A billionaire has been arrested in Israel over allegations he paid millions of dollars in bribes to secure mineral assets in Guinea. Beny Steinmetz, founder of the Beny Steinmetz Group Resources (BSGR), was apprehended on Monday (19 December) after police raided his home and offices.
In 2008, the then Guinea's president Lansana Conte awarded BSGR a $160m (£129m) deal for iron ore mining rights in Guinea's Simandou mountains, where the world's most valuable iron ore deposits are thought to be.
Two years later, BSGR sold 51% of the rights to Brazilian mining company Vale for $2.5bn.
BSGR lost its mining rights in 2014 after the government of Guinea claimed the company had bribed officials to acquire them, something both Steinmetz and his company strongly deny.
Upon his arrest, a police statement said that Steinmetz and other Israelis living abroad were suspected of paying tens of millions of dollars to senior public officials in Guinea to advance their businesses.
However, in a statement sent to Bloomberg news agency, BSGR said: "It is BSGR's strong belief that these allegations of bribery by the government of Guinea are not only baseless, but are a systematic attempt by the government of Guinea to cover up the endemic corruption which has blighted this country for a number of years."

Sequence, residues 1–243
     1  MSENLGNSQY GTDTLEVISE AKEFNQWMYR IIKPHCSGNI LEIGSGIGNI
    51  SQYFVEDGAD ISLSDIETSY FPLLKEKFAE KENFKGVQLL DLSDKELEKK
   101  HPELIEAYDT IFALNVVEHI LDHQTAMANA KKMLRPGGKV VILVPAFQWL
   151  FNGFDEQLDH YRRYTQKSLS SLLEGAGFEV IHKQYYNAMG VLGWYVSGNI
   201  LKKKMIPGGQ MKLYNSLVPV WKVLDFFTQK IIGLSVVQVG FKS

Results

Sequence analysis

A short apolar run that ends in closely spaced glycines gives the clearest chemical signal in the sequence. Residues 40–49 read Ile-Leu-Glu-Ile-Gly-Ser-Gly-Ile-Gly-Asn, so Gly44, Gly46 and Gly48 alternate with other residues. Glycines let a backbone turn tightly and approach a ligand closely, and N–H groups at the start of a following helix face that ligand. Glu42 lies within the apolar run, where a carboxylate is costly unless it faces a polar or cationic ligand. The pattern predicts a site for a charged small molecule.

Steinmetz, who will be under house arrest for two weeks, had both his Israeli and French passports confiscated after the court barred him from leaving Israel for 180 days, Haaretz newspaper reported.
International NGO Global Witness, which has been investigating on the case since 2012, has praised Israeli authorities for the arrest.
"The detention of Beny Steinmetz shows that the Israeli authorities are treating the Simandou bribery case with the seriousness it deserves," said Daniel Balint-Kurti of Global Witness's Special Investigations team, in a statement sent to IBTimes UK.
"Guinea is one of the poorest countries in the world and was deprived of vast sums through BSGR's corrupt deal. It is vital that such cases are fully investigated and that those involved in bribery are brought to justice," he continued.
"BSGR and its affiliates engaged in a sophisticated corruption scheme over Simandou, cloaking their activities through secretive companies in the British Virgin Islands. UK authorities should do all in their power to stop its Overseas Territories and Crown Dependencies facilitating grand corruption."